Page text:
Q&A with Elizabeth Bee Ayer, Youth Farm at BK Farmyards

Brooklyn, NY

November 2012

Elizabeth Bee Ayer is the Collective Member & Co-Farm Manager at the Youth Farm at BK Farmyards in Brooklyn, NY (Learn

more about BK Farmyards

Farming is hard enough work on its own. Why not just farm, why also teach?
I get asked this question a lot. The first thing I always say when people bring this up is that if I wanted to just farm, I would move to the country. To me the urban agriculture movement is about creating social justice using food production as a base. I see education as integral to changing the way our food system is designed and the way that we interact with it.

What do you like best about being a co-manager at the BK Farmyards Youth Farm?
BK Farmyards works as a collective. Each member plays different roles for various projects, but we are a team. We use collective decision making, and all members have equal standing. There is so much to love about my job -- from working with amazing youth and getting my hands dirty every day to the everyday beauty of being on a farm. My favorite part of each week is when the food we nurture and grow goes from ourhands to the hands of people who will prepare it for the people they love. In the larger scheme, what I love best about my job is providing people with the space and tools they want to fulfill their desires. As a teacher, the greatest gift is seeing people grow from what you have passed on to them, to the point where you are not needed as a teacher. This past year we were able to pass on the operations of our chickens, which we’ve named Fort Hen, to a group of people who went through our Chicken Apprenticeship Program. Watching the program thrive under their management, and seeing what they’ve learned in the training and are now passing onto others is amazing.

When and how did you get into farm-based education?
My first experience doing horticulture-based education was working with Growing Hope, a community gardening organization in Ypsilanti, Michigan in 2004. I ran a 4-H club for elementary school students based in the community gardens and farmers market. Through growing and selling flowers I watched youth go from being so shy they wouldn’t even say their names aloud to leading tours of the garden, proud of their work.

What is your teaching philosophy?
I look to the philosophies of open and popular education in my work. I am inspired by the works of activists like Myles Horton, Paulo Freire, Herbert Kohl, and Jonathan Kozal to name a few. I love learning about pedagogy and watching others teach.

What piece of advice would you most want to give beginning farm-based educators?
Remember to be patient with your students and yourself. We all have an innate desire to learn, and we are our best students when we are learning in a safe environment, at our own pace, and about fun and relevant topics.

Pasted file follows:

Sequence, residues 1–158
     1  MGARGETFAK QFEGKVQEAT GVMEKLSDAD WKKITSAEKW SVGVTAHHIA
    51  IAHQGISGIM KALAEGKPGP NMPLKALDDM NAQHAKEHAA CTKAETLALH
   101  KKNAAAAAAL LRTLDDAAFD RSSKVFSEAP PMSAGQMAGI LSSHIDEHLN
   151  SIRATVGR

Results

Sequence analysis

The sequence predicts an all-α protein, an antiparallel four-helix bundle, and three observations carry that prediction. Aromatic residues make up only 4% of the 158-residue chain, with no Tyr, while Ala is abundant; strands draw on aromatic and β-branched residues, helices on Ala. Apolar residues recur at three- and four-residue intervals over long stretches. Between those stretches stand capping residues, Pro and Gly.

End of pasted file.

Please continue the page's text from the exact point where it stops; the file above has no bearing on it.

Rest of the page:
If there was one thing you could change about the food system, what would it be?
If I could change one thing, the food system would be driven by the goal of providing healthy food to everyone using sustainable practices -- not built on companies driven to make as much of a profit as they can.

In addition to being a farmer, you also have an amazing culinary knack. What’s your go-to D.I.Y. home cooking project to do with students?

The recipe I get asked for the most is my tomatillo salsa. Here it is:

·         4 - 6 cups tomatillos, peeled and left whole

·         2 - 4 onions, chopped in quarters

·         4 - 20 jalapenos (For milder flavor: halve and seed. For spicier flavor: cut just the tops off and leave in the seeds.)

·         4 - 8 garlic cloves, peeled and whole

·         1/8 cup vinegar

·         1-2 limes worth of lime juice

·         ½ cup cilantro

·         Optional: other types of peppers, fun fruits, or secret ingredients

Fill a 9x13” cake pan with all of your ingredients. Place the pan under the broiler and wait for the skins to blacken. Use tongs to carefully flip them to blacken the other side. The tomatillos should pop open, leaving a delicious sauce in the bottom of the pan. Place your roasted tomatillos, garlic, onions, and peppers into a food processor. Add lime, vinegar, cilantro, salt, and any special ingredients. Purée to your preferred consistency.

The best way to eat tomatillo salsa is for breakfast. Pour the salsa into a frying pan, poach an egg in it, and place both on top of strips of crispy tortillas. Shave sharp cheese on top. Don’t forget the hot sauce and coffee!

When you’re not hard at work, how do you enjoy your time?
I try to make sure I have a balanced life, even when it’s so hard to tear myself away from the farm. I love making food for people I love, sitting on the beach, and dancing.

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